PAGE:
48. Glue gun? Why the hell would you maniacs need to shoot at glue?

    No shoot at glue, who can forget the infamous German LePage Glue Gun that would stick entire formations together in mid-air ?

  49. don’t waste time and money making it into a Swiss Army pistol or rifle by hanging lights, lasers, optics and whatnot on it. Learn the basics first – more than once I have seen a guy forget to bring back up batteries for sights on a Swiss Army rifle and not know how to use the iron sights.

    Amen.

  50. Damn it. I want to draw a sketch of some space shiutle door gunners now. And maybe write a punk rock song about it.

    Mowing ‘em down
    In the alleys of Von Braun
    Cause it’s hard to keep
    Your helmets down
    When the cowboys bring
    our brand of hell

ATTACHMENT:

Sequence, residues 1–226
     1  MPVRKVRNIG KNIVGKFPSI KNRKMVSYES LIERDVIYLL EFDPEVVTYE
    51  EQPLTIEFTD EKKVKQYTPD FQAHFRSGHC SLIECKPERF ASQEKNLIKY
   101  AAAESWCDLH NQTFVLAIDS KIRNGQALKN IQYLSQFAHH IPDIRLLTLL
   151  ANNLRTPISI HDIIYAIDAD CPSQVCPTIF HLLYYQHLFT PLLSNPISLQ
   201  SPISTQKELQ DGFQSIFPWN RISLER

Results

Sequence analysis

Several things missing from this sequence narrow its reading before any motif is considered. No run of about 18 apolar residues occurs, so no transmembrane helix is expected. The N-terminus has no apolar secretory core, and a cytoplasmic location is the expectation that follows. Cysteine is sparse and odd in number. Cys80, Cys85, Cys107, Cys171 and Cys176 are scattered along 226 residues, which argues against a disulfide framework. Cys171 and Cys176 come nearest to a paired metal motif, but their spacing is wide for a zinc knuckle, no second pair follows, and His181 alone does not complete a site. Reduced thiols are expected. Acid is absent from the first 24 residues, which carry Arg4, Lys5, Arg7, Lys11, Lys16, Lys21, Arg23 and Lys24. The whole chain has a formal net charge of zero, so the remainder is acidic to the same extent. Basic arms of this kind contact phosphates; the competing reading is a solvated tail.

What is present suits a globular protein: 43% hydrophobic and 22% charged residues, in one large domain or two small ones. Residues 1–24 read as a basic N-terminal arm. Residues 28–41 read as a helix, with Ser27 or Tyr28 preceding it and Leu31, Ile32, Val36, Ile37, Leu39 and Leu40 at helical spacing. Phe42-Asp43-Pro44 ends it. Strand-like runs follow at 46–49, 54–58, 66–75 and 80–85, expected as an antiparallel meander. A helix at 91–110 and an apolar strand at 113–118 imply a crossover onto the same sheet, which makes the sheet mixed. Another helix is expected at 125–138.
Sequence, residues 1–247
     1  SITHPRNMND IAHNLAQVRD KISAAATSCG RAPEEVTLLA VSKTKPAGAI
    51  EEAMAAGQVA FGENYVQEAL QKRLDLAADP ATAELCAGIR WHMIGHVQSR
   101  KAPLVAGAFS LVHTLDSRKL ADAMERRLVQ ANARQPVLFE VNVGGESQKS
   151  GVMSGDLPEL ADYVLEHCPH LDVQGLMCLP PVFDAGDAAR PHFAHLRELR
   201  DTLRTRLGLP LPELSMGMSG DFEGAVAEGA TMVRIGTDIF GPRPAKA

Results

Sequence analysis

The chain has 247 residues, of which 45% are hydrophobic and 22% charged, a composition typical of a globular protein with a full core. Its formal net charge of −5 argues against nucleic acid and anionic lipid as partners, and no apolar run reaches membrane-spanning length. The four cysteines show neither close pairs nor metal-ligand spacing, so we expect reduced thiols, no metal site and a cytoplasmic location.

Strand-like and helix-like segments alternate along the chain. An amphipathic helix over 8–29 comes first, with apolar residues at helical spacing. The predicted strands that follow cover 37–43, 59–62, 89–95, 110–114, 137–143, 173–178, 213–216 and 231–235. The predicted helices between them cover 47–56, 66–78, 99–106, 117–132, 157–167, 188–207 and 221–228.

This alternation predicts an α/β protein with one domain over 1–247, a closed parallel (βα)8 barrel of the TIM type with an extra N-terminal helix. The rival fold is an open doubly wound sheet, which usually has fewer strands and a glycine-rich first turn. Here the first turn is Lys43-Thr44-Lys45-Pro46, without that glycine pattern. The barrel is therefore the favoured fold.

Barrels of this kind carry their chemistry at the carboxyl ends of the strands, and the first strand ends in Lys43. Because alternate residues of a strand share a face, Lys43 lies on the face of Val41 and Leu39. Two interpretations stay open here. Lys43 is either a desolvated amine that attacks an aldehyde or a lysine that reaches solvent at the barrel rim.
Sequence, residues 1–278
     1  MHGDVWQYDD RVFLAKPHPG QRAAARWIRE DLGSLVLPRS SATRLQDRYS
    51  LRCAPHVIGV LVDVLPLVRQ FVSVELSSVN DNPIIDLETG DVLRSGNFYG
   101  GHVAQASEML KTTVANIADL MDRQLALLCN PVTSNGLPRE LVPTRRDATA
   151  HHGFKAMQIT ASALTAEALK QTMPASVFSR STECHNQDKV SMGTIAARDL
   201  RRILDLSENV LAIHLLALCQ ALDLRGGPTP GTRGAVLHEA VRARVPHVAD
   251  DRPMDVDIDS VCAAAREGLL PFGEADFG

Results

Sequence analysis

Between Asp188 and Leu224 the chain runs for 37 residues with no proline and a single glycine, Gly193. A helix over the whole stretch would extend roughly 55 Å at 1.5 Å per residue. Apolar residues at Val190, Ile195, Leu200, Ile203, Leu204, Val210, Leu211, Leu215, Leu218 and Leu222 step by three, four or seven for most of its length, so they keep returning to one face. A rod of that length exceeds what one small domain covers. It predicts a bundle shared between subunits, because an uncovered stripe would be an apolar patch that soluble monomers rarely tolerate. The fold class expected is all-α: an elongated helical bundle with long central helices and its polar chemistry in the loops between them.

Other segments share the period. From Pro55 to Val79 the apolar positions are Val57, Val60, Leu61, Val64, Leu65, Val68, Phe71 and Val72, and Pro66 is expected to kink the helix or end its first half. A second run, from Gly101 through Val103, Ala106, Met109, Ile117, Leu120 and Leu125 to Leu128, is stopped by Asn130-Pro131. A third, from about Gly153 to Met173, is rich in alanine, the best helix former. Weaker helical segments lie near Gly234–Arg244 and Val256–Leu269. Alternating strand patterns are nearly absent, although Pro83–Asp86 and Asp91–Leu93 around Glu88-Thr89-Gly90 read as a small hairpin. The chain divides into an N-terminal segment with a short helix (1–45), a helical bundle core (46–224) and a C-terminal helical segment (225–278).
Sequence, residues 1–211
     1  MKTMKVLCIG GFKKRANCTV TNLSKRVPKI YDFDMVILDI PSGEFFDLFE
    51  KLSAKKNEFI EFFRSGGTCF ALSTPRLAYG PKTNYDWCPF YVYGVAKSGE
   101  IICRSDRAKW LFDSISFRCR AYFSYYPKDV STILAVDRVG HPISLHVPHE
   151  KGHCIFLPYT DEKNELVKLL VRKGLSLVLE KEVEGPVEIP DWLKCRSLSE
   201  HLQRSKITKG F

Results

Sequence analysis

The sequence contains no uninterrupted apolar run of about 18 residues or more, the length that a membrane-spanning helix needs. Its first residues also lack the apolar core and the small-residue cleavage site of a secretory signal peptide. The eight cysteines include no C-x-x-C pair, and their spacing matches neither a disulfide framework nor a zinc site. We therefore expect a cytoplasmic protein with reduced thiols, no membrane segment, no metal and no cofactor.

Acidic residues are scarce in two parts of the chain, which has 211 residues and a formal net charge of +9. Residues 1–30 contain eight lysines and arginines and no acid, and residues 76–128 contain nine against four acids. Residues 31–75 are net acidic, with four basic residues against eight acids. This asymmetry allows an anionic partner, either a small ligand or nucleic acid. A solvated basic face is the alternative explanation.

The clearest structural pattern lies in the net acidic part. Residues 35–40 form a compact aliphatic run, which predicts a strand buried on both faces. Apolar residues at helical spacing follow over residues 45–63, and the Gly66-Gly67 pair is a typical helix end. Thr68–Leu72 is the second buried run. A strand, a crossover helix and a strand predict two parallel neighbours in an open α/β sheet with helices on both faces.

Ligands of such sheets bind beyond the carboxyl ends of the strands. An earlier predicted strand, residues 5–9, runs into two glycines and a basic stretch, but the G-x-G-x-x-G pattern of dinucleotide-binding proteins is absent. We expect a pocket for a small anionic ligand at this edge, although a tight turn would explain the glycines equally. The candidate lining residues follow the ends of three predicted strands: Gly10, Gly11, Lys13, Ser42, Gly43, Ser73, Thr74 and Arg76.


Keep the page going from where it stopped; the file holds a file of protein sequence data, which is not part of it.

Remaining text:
The edge of this weak
    Gravity well
    ‘Go to sleep
    Go away
    Blow apart
    All is well.
    And we’re burning Von Baun down…

    Okay that petty much sucked.

  51. It seems more like a Hawkwind kind of thing than a punk song now. Maybe I should start with ‘Moonglum Friend with Out a Reason’ and go from there.

  52. To grab in the middle of the night I like my Sig p226 in 9mm with a couple of Mec-gar 20 rd mags filled with Underwood +P 147 gr gold dots. I don’t CCW but if I had to I’d likely take my Taurus M85 with +P 125 gr.

  53. Now this event could get dangerous if the “thousands” are packing.

  54. who can forget the infamous German LePage Glue Gun that would stick entire formations together in mid-air ?

    And ruined the bomb patterns…